To find companies that are making a difference, one can look beyond boardroom diversity. Many companies now allude to their corporate social responsibility in publicly available filings and documents listing their ESG accomplishments. A company’s financial statements, such as a 10-K filing, can also provide additional details on how the company is allocating its capital and whether investments are being directed in a socially responsible manner. These are paper trails that show how companies have evolved over time, including track records related to today’s issues of concern, such as diversity investing. Investors can also review public comments from top executives.
“If you’re researching Apple (AAPL), Tim Cook has a lot to say on a host of different issues,” Desai pointed out, referring to Apple’s CEO. “It gets a little more challenging when you get to the smaller companies.”
Finding companies with racial diversity, a history of working with the communities they serve, and corporate policies that support Black, Indigenous, and People of Color (BIPOC) throughout their careers can be difficult because companies haven’t always been transparent with this information. For example, when hiring, companies can’t ask about a person’s racial background, although a person may self-identify as being BIPOC.
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Yet such things can change quickly. Gender diversity wasn’t measured as a social factor until recent years, but now more companies are transparent about how they invest in women. According to Powell, it’s possible that companies may start to release information about their efforts toward racial equality. Much of that news may not put companies in a favorable light initially.
“An obstacle to providing transparency is that people may not like the answers. But the problem is, you can’t start to work on it unless you understand the issue,” he said.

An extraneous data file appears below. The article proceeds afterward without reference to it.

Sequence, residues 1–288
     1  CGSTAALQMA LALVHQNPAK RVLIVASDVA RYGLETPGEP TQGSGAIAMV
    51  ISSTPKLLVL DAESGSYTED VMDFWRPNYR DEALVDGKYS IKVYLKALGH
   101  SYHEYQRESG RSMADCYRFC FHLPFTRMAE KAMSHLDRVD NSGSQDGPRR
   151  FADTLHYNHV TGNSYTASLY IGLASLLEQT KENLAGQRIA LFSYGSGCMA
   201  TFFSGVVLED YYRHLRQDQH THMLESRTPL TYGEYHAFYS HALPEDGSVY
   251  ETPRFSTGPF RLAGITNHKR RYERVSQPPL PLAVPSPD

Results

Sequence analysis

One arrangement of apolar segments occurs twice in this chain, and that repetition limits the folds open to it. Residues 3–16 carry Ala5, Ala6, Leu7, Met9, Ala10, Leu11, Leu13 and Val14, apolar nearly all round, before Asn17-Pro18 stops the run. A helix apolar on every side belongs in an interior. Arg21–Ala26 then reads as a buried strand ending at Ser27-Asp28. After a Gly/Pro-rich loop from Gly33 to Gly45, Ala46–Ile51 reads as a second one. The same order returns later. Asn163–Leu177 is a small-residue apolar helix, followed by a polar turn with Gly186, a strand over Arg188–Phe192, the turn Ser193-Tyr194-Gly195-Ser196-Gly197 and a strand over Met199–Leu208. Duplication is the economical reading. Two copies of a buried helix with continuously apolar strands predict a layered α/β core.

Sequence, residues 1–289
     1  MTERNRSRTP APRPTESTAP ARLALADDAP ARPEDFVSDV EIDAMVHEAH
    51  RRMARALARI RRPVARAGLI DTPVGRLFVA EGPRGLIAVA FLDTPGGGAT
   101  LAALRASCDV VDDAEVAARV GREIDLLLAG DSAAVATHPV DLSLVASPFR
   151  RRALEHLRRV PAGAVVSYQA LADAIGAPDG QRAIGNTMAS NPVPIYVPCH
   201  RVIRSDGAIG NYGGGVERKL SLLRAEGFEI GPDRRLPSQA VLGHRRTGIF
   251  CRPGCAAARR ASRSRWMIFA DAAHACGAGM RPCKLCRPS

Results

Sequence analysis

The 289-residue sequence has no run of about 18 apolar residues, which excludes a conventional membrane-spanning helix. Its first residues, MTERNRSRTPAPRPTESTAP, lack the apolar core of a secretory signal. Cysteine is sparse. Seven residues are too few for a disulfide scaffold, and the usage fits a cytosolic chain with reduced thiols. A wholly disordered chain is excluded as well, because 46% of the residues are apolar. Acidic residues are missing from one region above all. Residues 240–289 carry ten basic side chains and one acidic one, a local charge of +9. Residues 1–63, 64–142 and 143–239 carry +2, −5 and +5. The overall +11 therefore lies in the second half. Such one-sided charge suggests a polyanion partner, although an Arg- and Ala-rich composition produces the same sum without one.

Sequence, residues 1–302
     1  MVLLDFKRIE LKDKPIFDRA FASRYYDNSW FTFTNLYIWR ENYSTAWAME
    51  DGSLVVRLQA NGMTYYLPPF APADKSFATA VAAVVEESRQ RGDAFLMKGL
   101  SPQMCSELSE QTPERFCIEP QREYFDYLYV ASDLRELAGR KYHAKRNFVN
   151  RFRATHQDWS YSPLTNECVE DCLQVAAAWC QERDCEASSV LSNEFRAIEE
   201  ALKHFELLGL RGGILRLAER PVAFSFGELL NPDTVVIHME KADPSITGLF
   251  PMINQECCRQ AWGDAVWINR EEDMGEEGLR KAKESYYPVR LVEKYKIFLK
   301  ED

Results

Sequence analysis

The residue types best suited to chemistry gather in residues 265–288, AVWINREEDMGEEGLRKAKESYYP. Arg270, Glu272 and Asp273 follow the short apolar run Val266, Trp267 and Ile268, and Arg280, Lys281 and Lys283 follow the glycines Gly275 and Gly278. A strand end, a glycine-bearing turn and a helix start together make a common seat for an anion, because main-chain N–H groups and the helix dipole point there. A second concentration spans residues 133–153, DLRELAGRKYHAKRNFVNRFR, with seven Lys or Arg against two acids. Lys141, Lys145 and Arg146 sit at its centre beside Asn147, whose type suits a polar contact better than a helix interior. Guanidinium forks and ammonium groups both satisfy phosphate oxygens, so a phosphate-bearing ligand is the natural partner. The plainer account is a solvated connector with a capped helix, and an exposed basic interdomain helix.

When it comes to individual companies, investors can look at a firm’s products and services, supply diversity programs, fair hiring and promotional practices, and other programs. For people who invest in mutual funds and ETFs, Morningstar and As You Sow are third-party organizations that rate funds on ESG factors, although racial diversity is not one of those factors—yet. Morningstar adds a low-carbon layer to its ESG research, while As You Sow has online tools to drill down on specific topics such as fossil fuels, gender diversity, and weapons.
Powell suggested that in the coming years technology may make it easier for everyday investors interested in specific topics in ESG to find data. He said there’s a lot of “cool stuff” being done with natural language processing and artificial intelligence to distill information from press releases, public filings, and even social media to bring needed transparency to these topics.
So for now, it may take a little more research by investors to find companies or investments that have a good track record when it comes to racial diversity. But looking for companies with strong policies of treating all stakeholders well, including employees, suppliers, and communities, can be a start.
“Ultimately,” Desai concluded, “investors need to remember why they’re investing. At the end of the day, it’s really about your wants and wishes.”
Debbie Carlson is not a representative of TD Ameritrade, Inc. The material, views, and opinions expressed in this article are solely those of the author and may not be reflective of those held by TD Ameritrade, Inc.